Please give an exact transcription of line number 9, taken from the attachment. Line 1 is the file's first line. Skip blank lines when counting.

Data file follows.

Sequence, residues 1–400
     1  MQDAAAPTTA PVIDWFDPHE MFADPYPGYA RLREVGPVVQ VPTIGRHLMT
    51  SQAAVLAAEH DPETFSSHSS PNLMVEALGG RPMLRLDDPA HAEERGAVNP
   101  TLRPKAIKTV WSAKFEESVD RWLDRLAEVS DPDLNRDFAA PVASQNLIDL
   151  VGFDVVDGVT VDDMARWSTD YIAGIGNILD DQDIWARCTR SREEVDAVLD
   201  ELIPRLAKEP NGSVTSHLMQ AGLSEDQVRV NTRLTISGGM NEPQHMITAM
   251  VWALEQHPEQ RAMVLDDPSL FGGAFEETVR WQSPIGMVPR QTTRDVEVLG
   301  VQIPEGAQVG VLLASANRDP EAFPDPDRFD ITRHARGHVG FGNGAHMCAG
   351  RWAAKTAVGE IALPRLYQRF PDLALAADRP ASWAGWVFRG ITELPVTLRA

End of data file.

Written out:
   351  RWAAKTAVGE IALPRLYQRF PDLALAADRP ASWAGWVFRG ITELPVTLRA